We started with the garlic sausage, or ‘Sacuk’ and the babaganus dip. 

The garlic sausage was a really savoury, slightly spicy beef sausage served with mushrooms in a tomatoey ‘juice’. This was absolutely delicious and a really nice change from the usual chorizo I feel like I order and eat all the time in Mediterranean restaurants. The babaganus dip had a beautiful smokiness from the aubergine and tasted really fresh.

Next up for the mains, we both went for lamb kebabs. I ordered the Adana and Gary went for the Shish. Mine was minced seasoned lamb, formed around the skewer, whereas Gary’s was cubes of meat that had been marinated.


Both dishes were fantastic and served with rice, salad, wonderful cacik (a tzatsiki-like sauce) and salsa. The Adana was the perfect texture, not dried out at all, and expertly seasoned. The Shish was cooked to perfection, still slightly pink in the middle and a lovely cut of lamb, not chewy at all. 

My only complaint would be that the salsa could have been a lot hotter as this would have really brought some more life so the plate, but that’s just me I like a bit of spice! 

For around £40 we enjoyed a reasonably healthy, authentic Turkish meal with a glass of wine and a sparkling water. If you’re looking for something different in Roundhay that’s set away from the usual hustle and bustle this is a great place to try!”

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Sukothai, Chapel Allerton Review

I have a confession to make. Here goes: I’m not like, really into Thai food. *gasps*

Don’t get me wrong, I don’t fully dislike it, it’s just if we’re talking Asian cuisines I’d rather go for Vietnamese, Chinese or Japanese. I just think I’ve just had quite bad experiences with Thai restaurants. It’s so touch and go out there. Bad Thai curries, only-ok pad thais… I’ve been burned before, and would usually just choose to go somewhere else.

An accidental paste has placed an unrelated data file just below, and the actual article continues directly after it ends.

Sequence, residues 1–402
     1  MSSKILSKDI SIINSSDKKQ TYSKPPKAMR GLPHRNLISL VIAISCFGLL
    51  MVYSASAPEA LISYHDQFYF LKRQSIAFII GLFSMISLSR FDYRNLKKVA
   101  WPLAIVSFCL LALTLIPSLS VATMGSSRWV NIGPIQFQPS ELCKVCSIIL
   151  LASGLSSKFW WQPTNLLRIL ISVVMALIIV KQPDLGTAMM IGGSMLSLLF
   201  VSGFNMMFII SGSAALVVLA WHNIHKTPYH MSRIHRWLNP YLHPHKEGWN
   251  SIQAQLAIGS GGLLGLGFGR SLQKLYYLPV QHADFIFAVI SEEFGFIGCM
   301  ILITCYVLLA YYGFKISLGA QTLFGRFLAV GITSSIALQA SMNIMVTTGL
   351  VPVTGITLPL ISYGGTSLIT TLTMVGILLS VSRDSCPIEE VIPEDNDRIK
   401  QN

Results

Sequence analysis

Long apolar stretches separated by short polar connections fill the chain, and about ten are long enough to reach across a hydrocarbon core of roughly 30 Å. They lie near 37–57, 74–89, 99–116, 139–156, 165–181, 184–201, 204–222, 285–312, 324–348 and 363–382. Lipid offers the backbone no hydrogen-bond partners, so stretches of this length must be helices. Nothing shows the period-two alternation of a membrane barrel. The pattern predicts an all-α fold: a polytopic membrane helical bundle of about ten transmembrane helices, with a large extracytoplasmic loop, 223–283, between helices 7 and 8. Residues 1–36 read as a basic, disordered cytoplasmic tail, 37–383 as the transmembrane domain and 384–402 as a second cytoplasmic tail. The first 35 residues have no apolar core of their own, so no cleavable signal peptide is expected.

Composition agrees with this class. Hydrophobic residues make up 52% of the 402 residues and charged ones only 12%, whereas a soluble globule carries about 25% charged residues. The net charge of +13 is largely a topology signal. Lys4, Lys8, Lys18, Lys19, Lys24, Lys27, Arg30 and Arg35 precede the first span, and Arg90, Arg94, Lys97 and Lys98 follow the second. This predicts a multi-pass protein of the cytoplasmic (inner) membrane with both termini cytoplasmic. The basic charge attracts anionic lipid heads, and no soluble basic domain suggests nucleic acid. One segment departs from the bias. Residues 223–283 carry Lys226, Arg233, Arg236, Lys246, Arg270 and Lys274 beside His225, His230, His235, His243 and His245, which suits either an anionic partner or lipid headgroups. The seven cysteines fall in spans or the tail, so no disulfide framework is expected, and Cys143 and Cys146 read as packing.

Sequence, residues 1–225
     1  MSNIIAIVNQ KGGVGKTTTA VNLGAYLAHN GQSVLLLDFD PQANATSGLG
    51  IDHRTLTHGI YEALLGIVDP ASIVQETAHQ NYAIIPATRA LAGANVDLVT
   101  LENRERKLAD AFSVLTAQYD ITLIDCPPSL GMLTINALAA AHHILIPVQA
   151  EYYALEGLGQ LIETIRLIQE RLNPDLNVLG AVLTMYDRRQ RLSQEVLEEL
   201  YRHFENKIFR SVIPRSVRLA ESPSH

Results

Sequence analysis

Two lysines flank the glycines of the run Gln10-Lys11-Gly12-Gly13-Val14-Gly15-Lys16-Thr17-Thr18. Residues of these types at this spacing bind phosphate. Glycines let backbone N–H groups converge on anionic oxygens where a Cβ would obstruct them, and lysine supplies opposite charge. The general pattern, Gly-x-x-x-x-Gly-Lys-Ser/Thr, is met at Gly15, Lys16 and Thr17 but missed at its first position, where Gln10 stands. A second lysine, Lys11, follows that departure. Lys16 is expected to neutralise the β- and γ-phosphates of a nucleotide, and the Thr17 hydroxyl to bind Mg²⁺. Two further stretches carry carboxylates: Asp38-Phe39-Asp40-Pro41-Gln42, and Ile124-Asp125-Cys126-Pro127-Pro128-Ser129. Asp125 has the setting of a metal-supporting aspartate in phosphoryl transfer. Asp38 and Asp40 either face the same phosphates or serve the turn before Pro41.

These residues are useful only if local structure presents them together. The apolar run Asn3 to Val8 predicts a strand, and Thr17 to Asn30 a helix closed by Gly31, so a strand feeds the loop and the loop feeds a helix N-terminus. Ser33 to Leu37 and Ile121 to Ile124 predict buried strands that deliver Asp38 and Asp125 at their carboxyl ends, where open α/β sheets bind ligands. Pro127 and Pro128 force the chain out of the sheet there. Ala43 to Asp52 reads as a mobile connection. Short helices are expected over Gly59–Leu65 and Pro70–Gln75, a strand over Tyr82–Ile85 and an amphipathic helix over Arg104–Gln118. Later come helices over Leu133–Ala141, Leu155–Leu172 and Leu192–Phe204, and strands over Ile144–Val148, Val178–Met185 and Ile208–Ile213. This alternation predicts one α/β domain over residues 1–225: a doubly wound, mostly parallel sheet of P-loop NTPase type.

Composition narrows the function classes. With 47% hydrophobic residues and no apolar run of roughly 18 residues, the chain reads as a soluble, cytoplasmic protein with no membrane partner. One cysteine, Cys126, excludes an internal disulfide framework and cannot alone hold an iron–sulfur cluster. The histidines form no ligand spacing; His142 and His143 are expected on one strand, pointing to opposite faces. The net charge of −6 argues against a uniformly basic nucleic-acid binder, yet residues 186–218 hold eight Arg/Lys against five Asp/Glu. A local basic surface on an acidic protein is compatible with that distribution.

Until now *dramatic music*. 

I recently went to Sukothai in Chapel Allerton and it has to be the best Thai meal I’ve had in my life. I’m a convert. Now I can be that person that suggests going out for Thai and have a failsafe restaurant to back it up. Sukothai to the rescue.

I was so curious to try here as it’s reputation really does precede it. It’s won countless awards and I often hear great word of mouth reviews. It’s a fairly big restaurant, but it gets REALLY busy. We booked a table on a Friday night and good job we did. People were queuing out of the door (you know it’s going to be good if people are queuing out of a door). 

The service on drinks was a little bit slow but it was very busy – all the tables were full so they were clearly at capacity. We ordered a mixed satay platter to start with which arrived fairly quickly. 

Sadly though we ordered it for three people and there was only two kebabs of each meat. We pointed it out and at the end they only charged us for two people, but hey we would have liked more meat. Anyway after awkwardly cutting the kebabs into thirds, they were absolutely delicious.


There was chicken, beef and pork and a choice of dipping sauces – spicy peanut or sticky soy. The chicken and peanut went together beautifully and the soy was excellent with the other two. The star of the show was the pork – it had a soft melting texture and was so juicy and full of flavour. 


Next up I ordered the Chicken Pad Khing – chicken stir fried with ginger, spring onion and mushrooms. The chicken was soft and tender, in a sweet and salty sauce that just tasted beautifully oriental. The veg was perfectly cooked, not overly done, with a nice crisp to it still. It all had a very clean taste to it too, not greasy at all. My only niggle was the ginger was in huge chunks which wasn’t that pleasant to eat, but that’s more just personal taste. 

My friends ordered the Phed Mamuang Himmaparn (duck with cashew nuts) and the Khao Pad (fried rice) with beef. Both were generous portions and the duck was incredibly tender.


The food was really reasonably priced too, including wine it was less than £30 each. The menu is incredibly big, I feel like I definitely need to go back to try all the different things! All in all I’d really recommend Sukothai, I’m sad I didn’t discover it when I actually lived in Chapel Allerton. If you’re looking for something a bit different, it’s really worth a try.

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The Lamplighter Dining Rooms, Windermere Review

What a couple of weeks it’s been! I’ve had such a busy run, with changing jobs, having a horrible cold. I start my new role tomorrow and I couldn’t be more excited! Anyway, this trip we had to The Lakes this weekend couldn’t have come at a better time. 

Gary had booked us the trip for my Christmas present, and I bloody love a surprise so I was really excited to see what he had in store. We stayed at the Howbeck in Windermere, just a 20 minute walk from the lake itself and from Bowness-in-Windermere. This had acccess to a little spa up the road which we were unsure about at first as it looked well, a lot more like a gym in a sports centre circa 1982, but actually on the inside it turned out to be really pleasant.